hr training center
search
About Employee Compensation

Compensation: What Does it Mean? What Are The Types?

Every employee in an organization is vital to its success. An effective compensation strategy will attract and retain the best talent and motivate them to do their best work. For example, salary, benefits, paid leaves, family leave, and working hours are important to many workers.

It helps to think of compensation as anything an employer gives to an employee in exchange for their work.

It is crucial for workers to feel like they are being fairly compensated for their efforts. Different types of compensation can include:

1) Hourly

You get paid a certain amount for each hour you work. Your pay is directly related to how many hours you work.

Hourly compensation can be a great way to ensure you're getting paid for all your work, but it can also be tough to predict your income week-to-week or month-to-month.

Some ways to maintain a more predictable income as an hourly worker are to pick up extra shifts when available or get a part-time job in addition to your full-time gig.

According to the Fair Labor Standards Act (FLSA) overtime laws, hourly workers must be paid time and a half for all hours over 40 in a given week.

Hourly compensation can be excellent for people who:

  • Like the flexibility to work different hours each week
  • Want to pick up extra shifts or overtime to earn more money
  • Work in an industry where tips are common
  • Are comfortable with their income fluctuating week-to-week or month-to-month
2) Salary

Salary is the common type of compensation, especially in the United States. It is a set amount that an employee earns per year, and it is usually paid in monthly or bi-weekly installments. Salary is often determined by an employee's experience, education, and skillset.

In some cases, salary may also be negotiable. For example, if a company is recruiting an employee, they may be able to negotiate a higher salary than what was initially offered.

3) Commission

The commission includes a percentage of sales that the company earns. For example, if an employee sells $100 worth of goods in a day, and their commission is set at 20 percent, they would make $20 from that sale. Commissioning can significantly increase an employee's earnings potential, but only if sales are good.

Some types of the commission include:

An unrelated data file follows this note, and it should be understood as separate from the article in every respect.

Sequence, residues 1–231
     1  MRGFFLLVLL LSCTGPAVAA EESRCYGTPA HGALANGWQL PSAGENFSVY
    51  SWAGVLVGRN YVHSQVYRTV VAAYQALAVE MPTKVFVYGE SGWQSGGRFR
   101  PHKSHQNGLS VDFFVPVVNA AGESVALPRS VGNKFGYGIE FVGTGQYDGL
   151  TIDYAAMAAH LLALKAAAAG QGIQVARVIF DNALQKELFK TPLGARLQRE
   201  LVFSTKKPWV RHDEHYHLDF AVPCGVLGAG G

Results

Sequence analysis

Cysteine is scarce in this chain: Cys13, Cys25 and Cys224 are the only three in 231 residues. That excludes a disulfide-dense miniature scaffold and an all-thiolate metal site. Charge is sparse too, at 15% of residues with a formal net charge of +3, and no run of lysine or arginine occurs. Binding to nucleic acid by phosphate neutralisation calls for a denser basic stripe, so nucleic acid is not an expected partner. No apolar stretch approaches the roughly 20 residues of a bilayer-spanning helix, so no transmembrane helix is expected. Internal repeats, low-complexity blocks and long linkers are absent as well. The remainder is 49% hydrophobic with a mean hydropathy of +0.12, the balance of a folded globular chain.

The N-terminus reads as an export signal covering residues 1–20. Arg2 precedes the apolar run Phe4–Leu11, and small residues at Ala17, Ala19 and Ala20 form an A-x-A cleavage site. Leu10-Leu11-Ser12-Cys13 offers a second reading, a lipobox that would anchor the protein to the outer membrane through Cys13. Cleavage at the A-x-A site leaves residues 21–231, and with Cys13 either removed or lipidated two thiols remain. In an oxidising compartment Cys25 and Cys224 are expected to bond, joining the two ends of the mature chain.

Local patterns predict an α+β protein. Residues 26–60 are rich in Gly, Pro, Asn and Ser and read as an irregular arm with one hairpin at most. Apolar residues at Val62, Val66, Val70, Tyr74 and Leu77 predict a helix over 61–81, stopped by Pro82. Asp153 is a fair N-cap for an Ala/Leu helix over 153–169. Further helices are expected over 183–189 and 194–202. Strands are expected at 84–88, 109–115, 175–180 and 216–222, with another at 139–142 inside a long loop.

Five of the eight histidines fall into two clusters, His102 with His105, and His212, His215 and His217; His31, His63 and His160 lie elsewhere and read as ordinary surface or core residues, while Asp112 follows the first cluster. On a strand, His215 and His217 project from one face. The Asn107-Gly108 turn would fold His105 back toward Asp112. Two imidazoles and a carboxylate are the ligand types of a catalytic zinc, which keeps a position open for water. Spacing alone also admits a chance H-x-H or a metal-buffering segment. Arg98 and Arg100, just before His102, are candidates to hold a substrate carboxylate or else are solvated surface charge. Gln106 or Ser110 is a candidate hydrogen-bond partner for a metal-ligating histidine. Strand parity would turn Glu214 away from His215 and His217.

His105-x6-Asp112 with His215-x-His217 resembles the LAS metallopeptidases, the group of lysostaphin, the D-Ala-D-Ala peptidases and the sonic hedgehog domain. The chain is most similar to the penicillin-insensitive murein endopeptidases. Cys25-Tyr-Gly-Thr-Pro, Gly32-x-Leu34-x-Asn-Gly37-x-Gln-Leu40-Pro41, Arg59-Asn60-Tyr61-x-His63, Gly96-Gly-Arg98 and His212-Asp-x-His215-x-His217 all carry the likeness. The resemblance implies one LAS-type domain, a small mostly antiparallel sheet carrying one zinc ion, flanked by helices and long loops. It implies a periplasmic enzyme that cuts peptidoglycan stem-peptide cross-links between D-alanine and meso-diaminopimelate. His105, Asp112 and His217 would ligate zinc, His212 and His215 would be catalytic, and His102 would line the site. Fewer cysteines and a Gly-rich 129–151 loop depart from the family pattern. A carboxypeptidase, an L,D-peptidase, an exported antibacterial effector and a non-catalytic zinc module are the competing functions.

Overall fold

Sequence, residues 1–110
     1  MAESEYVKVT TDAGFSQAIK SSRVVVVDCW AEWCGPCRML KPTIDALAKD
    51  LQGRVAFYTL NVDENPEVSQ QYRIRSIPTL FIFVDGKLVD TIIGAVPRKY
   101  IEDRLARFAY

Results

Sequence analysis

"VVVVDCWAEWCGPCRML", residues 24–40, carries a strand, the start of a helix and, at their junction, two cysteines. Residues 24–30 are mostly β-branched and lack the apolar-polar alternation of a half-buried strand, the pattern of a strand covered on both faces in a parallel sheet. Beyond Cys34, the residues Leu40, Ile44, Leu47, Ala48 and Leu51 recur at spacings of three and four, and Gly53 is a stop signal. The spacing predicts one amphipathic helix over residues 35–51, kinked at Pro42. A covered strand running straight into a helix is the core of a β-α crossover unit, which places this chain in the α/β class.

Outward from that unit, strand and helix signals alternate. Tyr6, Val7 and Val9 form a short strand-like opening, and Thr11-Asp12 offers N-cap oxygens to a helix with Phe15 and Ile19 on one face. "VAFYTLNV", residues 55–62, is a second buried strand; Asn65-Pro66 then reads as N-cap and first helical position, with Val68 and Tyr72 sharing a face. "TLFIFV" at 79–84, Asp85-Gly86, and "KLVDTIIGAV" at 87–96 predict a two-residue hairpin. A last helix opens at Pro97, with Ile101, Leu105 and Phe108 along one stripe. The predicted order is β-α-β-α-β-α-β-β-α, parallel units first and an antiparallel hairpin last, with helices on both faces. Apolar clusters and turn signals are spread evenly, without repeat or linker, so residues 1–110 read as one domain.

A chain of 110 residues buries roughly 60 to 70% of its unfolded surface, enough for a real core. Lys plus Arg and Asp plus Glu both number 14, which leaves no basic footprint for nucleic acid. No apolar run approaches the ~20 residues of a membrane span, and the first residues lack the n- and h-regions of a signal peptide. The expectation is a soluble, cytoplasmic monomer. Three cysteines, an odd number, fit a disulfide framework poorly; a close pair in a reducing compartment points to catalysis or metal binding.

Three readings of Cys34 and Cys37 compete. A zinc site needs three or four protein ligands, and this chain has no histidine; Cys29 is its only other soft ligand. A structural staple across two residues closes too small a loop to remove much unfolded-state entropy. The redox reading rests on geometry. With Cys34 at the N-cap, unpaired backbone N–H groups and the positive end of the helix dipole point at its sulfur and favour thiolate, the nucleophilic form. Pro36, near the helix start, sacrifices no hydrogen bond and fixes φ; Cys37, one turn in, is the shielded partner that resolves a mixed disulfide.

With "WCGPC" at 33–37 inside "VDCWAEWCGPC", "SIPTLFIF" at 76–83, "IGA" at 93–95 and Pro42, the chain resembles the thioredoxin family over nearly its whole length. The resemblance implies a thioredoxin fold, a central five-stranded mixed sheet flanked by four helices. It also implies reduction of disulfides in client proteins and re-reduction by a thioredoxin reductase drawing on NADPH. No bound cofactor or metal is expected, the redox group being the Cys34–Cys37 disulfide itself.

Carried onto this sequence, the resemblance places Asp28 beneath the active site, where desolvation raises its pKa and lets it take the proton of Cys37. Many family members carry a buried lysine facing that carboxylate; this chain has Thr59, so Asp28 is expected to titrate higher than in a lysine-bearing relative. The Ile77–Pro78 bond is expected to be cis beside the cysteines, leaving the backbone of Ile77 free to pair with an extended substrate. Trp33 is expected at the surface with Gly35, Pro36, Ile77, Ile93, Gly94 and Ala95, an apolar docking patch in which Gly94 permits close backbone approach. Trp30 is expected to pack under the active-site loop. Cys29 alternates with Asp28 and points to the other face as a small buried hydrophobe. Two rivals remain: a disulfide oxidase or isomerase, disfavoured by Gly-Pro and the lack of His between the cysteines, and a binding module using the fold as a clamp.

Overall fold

• Residual: This commission is based on repeat business or selling new products to existing customers
  • Straight: A straight commission is based on selling one product or service
  • For the commission to be a successful form of compensation, employees need to have confidence in their ability to sell and in the company?s products
  • Variable: A variable commission is based on several factors, such as the amount of time spent selling or the number of products sold
4) Bonuses

Whether you are a high-level executive or a line worker, you may be entitled to an annual bonus. Bonuses can be based on company performance, individual performance, or a combination of the two. They're often given out in the form of cash but can also come in the form of stocks, vacation days, or other perks.

Recommended Compensation Training

Our Compensation Training and Certification Program will teach you about the different types of compensation and how to administer them properly. This HR training program is designed to give you the skills and knowledge necessary to succeed in the field of human resources. By taking this course, you will be able to:
  • Recognize factors that influence a compensation plan
  • Cite the various compensation methods and uses (Executive Compensation, Sales Compensation, Incentive Pay, Bonuses, etc.)
  • Establish an effective compensation philosophy
  • Conduct job evaluations
  • Collect survey data and perform market analysis
  • Create job descriptions
  • Develop salary ranges and grades
  • Effectively communicate your compensation program
  • Understand the basic ongoing tasks necessary to administer a compensation program
  • Evaluate your compensation plan
  • Define the laws affecting compensation

Blog Home
Recent Blogs
HR Certification Courses FMLA ADA COBRA Cafeteria Plan HSA 401(k) All HR Certificate Programs HR Generalist FMLA / ADA Internal Investigations Advanced Internal Investigations Strategic Leadership HR Compliance Training HR Specialty Designations Certified Benefits Administrator Payroll Compliance Certified Payroll Administrator Certified Payroll Manager Certified TPA
HRcertification.com. 5755 North Point Parkway, Suite 227
Alpharetta, GA 30022
678-366-3959
Copyright HRcertification.com 2002
Web site development by OTAU